Is Spicy Food Good for You?

Jake Newby

| 4 min read

Some people are drawn to spice. If you’re the type to order spicy dishes at restaurants and keep a collection of hot sauces at home, you probably have a high tolerance for spicy food, which can be genetic. Environmental conditioning can also contribute to spice tolerance. Either way, if you’ve ever felt like something in your body was off after eating a spicy dish, you’ll want to get to the bottom of the issue before turning up the heat again. 

What makes spicy food spicy?

Capsaicin is the oil-based substance found in chili peppers that produces the “heat” we feel when eating spicy food. It causes a burning sensation when it touches any surface that contains nerve endings, most notably the tongue. Everyone reacts differently to capsaicin, according to the Cleveland Clinic, which states that some people are born with fewer receptors for the substance. This gives them a built-in tolerance for hot food.

What does spicy food do to your body and what are the risks?

The body’s instinct when exposed to capsaicin is to cool itself down, which is why some of us sweat when eating extremely spicy food. Capsaicin irritates the mucous membrane in our nasal cavities, which explains why our face and nose attempt to eliminatethe capsaicin by increasing its production of mucus, tears and saliva.
Internal irritation, inflammation and abdominal pain are the most common side effects of spicy food. This is especially true of extremely spicy food, like anything containing Carolina reapers or ghost peppers (or the peppers themselves). The more capsaicin you consume — either by eating a large quantity of spicy food or a small amount of something extremely spicy — the more intensely you may react. This is why people you see participating in hot food challenges on social media often have painful, visceral reactions to the food they ate.
You’re likelier to experience side effects to eating spicy foods if you:
  • Are genetically sensitive to capsaicin.
  • Are not used to eating spicy food.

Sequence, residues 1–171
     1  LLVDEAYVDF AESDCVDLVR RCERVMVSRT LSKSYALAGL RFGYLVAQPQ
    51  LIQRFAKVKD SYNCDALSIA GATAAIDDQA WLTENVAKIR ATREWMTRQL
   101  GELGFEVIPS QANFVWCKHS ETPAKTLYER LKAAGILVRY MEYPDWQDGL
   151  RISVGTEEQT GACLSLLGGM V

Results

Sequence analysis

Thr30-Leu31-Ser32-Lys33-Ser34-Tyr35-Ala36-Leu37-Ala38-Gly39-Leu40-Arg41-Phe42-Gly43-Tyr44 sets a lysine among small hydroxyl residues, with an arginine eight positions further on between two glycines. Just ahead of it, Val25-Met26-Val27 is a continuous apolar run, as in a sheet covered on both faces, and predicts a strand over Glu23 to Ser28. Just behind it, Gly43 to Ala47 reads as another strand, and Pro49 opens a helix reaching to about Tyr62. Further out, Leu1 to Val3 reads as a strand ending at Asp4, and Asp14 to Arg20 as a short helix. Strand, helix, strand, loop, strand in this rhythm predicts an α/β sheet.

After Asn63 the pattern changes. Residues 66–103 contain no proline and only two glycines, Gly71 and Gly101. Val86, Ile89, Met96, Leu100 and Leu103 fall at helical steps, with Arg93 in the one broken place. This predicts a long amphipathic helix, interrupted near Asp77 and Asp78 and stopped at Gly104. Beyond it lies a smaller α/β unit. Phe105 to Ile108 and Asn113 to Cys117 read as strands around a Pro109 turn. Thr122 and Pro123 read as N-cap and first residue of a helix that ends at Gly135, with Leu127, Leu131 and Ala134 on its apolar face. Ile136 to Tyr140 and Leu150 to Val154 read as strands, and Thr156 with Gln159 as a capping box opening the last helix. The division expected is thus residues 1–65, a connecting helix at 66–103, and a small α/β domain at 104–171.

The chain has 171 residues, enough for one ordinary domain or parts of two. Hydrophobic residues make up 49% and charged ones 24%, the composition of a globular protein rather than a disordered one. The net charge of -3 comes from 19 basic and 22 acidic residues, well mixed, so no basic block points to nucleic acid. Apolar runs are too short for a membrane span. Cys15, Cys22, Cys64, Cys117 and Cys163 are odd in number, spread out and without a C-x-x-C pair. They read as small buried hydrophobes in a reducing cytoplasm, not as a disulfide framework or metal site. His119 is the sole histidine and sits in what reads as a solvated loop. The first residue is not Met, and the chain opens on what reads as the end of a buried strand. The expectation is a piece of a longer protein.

• Have gastrointestinal (GI) issues or suffer from irritable bowel syndrome (IBS).
  • Gastroesophageal reflux disease (GERD).
One study found that frequent consumption of spicy food can trigger upper GI symptoms in people with indigestion. Another study discovered that people who consume spicy food 10 times per week or more were 92% more likely to have IBS compared to those who never consumed spicy food. If you have GI issues, IBS or inflammatory bowel disease (IBD), be cautious when eating spicy food. If you notice your body reacts negatively to certain foods or levels of spice, that’s probably a sign that you should reduce your intake of those foods.

Health myths about spicy food

Perhaps the biggest myth about spicy food is that it causes peptic ulcers. According to Henry Ford Health, most ulcers are caused by the bacteria H.pylori or nonsteroidal anti-inflammatory drugs (NSAIDs) like aspirin and ibuprofen. Some studies have even found spicy food may prevent ulcers by stopping H.pylori growth. Capsaicin also prevents acid from forming because it is alkaline, which is the opposite of acidic.
Another spicy food myth is that it causes heartburn or acid reflux. While it doesn’t cause heartburn, spicy food can exacerbate it and make it worse, which is why people who already struggle with acid reflux – or those who have GERD – should limit the amount of spicy food they consume.

Can spicy food benefit your health?

While spice may be a nonstarter for some, fiery food connoisseurs may experience health benefits from what they eat. Research shows that – in addition to aiding stomach health by preventing ulcers – spicy food can also:
Help you lose weight: According to the Cleveland Clinic, people who eat more spicy food are less likely to have a BMI greater than 30 (have obesity) or a BMI greater than 25 (have overweight).
Boost metabolism: Researchers have found capsaicin to boost fat-burning mechanisms in the body that promote weight loss.
Improve heart health: Research has shown that capsaicin supplementation may lower levels of low-density lipoprotein (LDL), which we often refer to as “bad” cholesterol. Spicy food may reduce the risk of diseases like hypertension and Type 2 diabetes.
Improve skin health: Some research suggests capsaicin can help improve scaling, inflammation, redness and pain associated with psoriasis.
In short, everyone reacts differently to spicy food. Most people can safely tolerate some level of spice. For people with certain health conditions, like those mentioned above, that level is either very low or nonexistent. As is generally true in most aspects of life, moderation is key.
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